But when Miriam hitches a ride from nice-guy trucker Louis, she senses her own presence at his strange and violent death a few weeks hence. The vision haunts her, and somehow, a chance ride turns into an uneasy friendship, which kick-starts a twisted race to beat the reaper -- and maybe change the future.

I bought this book because I couldn't resist its gorgeous cover art, but Chuck Wendig really delivers the goods: Blackbirds is a fast-paced, ultra-violent supernatural noir, with cheeky dialogue and a vivid pop-culture vibe. 4.5 stars instead of 5, because sometimes the writing is too self-consciously edgy (a freeway has a "crusty, broken dividing line like a spattered stripe of golden piss"), but just as often lines made me laugh out loud.

At the time I picked it up, I was unaware that Blackbirds is the start of a series. Sometimes this really bugs me -- can nobody write a stand-alone anymore? -- but in this case, I'm glad. Miriam may have morals deep into the grey zone (and a mouth like a sailor, and a serious drinking problem . . .) but she's good, snarky company. And contrary to some other reviewers, I find Miriam to have a very believable "female voice." She may not be a role model, but like Arya Stark, Lisbeth Salander, or any number of Whedon's warrior women before her, she's one girl that doesn't take any shit. Even from Fate.

Book Review: Horns, by Joe Hill


I love it when fiction slips the bonds of genre expectations and becomes something altogether more than what you bargained for. Joe Hill's debut novel Heart-Shaped Box was a tautly-written horror story, but if you've read his collection 20th Century Ghosts, you know he's also more than capable of work that's whimsical rather than than frightening, sometimes intensely disturbing, but frequently touching . . . and dare I say literary?

After having finished it -- in less than 24 hours, thanks to the propulsive narrative -- I can safely assert that
Horns is not a horror novel, though it's certainly horrifying in places. It's an odd, funny, dreadful, compelling and deeply romantic story about average young people whose lives are touched by the violent and surreal.

Ig Parrish, Horns's metaphorically and literally demonized protagonist, will no doubt offend some irony-challenged readers with his (often hilarious) musings on God and the Devil -- "The Fire Sermon" is a philosophical and comedic gem -- but Ig's main concerns -- love, cruelty, revenge, and the ethical complexities of simply being human -- are universal to good literature. Hill's touch is sure, both with comedy and pathos, and the deftly woven narrative realizes his characters believably from the tumultuous desires of adolescence to the sharp wounds of adult responsibility. The ending may be slightly problematic for some (I'll need another read to be sure what I feel), but "Horns" is much more than the sum of its parts.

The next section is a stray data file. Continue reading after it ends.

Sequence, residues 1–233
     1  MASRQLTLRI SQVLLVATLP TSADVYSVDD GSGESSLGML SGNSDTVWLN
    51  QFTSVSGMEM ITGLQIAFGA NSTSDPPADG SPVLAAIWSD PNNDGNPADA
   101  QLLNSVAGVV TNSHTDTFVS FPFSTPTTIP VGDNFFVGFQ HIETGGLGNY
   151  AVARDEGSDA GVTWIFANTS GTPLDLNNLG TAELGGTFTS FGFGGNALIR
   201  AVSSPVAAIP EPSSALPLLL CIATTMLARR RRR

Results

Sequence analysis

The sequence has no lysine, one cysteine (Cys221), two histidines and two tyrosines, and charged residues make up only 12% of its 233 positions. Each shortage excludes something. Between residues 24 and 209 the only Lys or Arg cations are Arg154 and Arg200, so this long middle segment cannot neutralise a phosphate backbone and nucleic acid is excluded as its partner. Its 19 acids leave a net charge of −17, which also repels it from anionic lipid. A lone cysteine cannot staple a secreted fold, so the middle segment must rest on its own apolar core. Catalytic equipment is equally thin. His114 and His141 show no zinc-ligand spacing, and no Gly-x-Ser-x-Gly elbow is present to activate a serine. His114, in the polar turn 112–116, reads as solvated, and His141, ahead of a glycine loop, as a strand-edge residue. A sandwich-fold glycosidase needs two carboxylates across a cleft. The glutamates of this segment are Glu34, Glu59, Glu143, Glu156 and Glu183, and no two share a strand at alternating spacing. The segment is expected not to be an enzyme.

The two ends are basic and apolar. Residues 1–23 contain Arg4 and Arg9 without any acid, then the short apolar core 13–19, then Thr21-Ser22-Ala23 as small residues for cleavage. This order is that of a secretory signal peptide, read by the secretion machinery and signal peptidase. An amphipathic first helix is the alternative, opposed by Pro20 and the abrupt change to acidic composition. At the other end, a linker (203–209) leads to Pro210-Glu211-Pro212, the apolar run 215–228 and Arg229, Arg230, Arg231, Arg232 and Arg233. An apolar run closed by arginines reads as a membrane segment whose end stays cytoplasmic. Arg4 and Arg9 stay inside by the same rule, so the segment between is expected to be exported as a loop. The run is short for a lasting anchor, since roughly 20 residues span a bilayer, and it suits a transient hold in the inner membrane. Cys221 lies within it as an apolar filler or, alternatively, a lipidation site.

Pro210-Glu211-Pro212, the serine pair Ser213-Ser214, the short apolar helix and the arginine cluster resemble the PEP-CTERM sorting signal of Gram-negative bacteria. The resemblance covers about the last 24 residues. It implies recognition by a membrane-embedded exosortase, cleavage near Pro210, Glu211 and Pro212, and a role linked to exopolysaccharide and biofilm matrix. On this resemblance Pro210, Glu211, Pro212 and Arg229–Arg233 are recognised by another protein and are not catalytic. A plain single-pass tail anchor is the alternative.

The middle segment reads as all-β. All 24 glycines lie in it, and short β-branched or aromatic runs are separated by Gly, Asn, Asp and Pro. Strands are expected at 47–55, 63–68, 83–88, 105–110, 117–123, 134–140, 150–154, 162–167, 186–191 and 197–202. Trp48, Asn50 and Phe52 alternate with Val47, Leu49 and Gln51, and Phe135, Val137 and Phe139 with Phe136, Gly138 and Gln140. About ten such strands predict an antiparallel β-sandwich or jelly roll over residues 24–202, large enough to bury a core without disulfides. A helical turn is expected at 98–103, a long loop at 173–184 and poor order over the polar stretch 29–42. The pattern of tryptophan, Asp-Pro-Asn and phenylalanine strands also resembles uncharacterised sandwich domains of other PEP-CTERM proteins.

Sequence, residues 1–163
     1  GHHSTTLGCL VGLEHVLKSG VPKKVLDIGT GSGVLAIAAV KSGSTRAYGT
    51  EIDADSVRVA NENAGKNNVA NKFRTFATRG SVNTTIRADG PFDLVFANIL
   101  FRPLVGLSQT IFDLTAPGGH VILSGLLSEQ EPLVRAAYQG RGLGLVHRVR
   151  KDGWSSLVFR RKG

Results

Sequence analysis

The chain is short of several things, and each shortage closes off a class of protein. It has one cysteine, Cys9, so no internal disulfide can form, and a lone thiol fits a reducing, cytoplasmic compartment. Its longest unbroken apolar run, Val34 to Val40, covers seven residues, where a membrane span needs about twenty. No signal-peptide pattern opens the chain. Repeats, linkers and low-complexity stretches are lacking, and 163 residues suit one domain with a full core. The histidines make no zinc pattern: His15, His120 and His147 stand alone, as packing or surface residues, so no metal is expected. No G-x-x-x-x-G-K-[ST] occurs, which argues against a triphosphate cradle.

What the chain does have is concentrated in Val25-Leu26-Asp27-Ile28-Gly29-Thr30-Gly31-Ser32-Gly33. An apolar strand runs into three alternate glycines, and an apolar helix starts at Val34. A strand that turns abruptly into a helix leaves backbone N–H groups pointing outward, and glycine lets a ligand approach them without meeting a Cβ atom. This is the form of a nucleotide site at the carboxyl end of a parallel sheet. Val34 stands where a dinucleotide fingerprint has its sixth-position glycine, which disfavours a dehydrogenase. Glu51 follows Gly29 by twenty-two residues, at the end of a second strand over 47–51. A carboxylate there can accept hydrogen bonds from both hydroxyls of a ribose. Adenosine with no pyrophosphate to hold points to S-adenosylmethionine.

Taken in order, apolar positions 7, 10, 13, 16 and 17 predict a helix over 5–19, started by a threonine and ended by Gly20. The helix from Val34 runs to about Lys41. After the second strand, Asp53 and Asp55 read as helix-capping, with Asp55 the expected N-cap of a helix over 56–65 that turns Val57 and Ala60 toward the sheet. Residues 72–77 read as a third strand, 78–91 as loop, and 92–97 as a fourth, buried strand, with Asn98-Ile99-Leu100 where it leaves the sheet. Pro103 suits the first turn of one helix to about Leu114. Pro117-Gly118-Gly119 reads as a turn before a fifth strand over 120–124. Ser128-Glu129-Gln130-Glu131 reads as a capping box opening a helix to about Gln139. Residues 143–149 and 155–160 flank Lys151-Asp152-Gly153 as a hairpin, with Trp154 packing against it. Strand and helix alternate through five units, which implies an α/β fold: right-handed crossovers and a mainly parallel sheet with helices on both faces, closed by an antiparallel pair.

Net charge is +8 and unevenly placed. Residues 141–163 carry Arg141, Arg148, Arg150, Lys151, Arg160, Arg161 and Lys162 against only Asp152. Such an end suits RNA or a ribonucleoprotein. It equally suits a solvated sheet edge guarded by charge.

I won't summarize the plot here -- but I will say where Horns  fits into my literary pantheon. Touchstones would include Christopher Moore (though Hill is less giddily comic), Salman Rushdie's Satanic Verses  (darkly absurd, hilariously offensive magic realism . . . and of course the horns problem), Audrey Niffenegger's The Time Traveler's Wife   (genre-upending, wrenchingly real love story), and, for better or worse, Stephen King's classic story of adolescent innocence and experience, "The Body."

Joe Hill is one of the most promising writers working today -- in any genre -- and I hope he continues to defy expectations with every new piece.

Book Review: Embassytown, by China Mieville

On one hand, I wish I could convince everyone I know that Mieville is the best science/weird fiction writer working today; on the other I'm kind of gleeful to have encountered his alien genius before he really does become the next big thing (at least among smartypants nerds). He is a writer always testing the boundaries of genre, and Embassytown is likely the most “literary” book he’s written so far . . . though perhaps not the most immediately accessible. Prepare for a novel that both blows your mind and gives it an excellent workout.

You know you're entering heady territory when a novel's epigram is a quote from Walter Benjamin: “The word must communicate something (other than itself).” (Although it might equally be another, quite different, quote: “Gifts must affect the receiver to the point of shock.” I'll let you work that one out as you read the book.)

In Embassytown, Mieville continues to showcase his deft world-building skills on the planet Arieka, a crucial node in the interstellar shipping lanes. Here, human colonists coexist in a state of mutual disconnection with a culture so physically and intellectually alien from our own that communication is nearly impossible, only achieved by a select few “Ambassadors,” genetically altered and rigorously trained for the task. Though the main thrust of the narrative is a tale of political intrigue, be aware that a significant amount of time is spent pondering the brain-bursting concepts of linguistic and semiotic construction. For example: the native Ariekei are unable to communicate or conceive of anything but that which is is literally true – they are incapable of a lie, and must construct elaborate, surreal tableaux in order to formulate even simple similes or metaphors. (Our protagonist, Avice Benner Cho, is herself a simile, having as a child participated in the creation of the unpleasantly loaded phrase "the girl who ate what was given her.") But what might change for the Ariekei -- and us -- when a communication breakthrough occurs?

In Embassytown, Mieville has mostly jettisoned his tendency to revel in the minutia of the grotesque, as he does in the Bas-Lag novels. Instead he works in simple, elegant prose to consider and illustrate evolution and destabilization of the ways in which thinking beings communicate -- constructing meaning (and misunderstanding) from sounds and other signifiers, and constructing civilizations from those meanings. (Now that sentence gave me flashbacks to grad school . . .) With his latest book, Mieville once again defies genre expectations, raising the bar for thoughtful, challenging science fiction.

Book Review: The Croning, by Laird Barron


The Croning
is a perfectly horrible book, and I mean that in high compliment.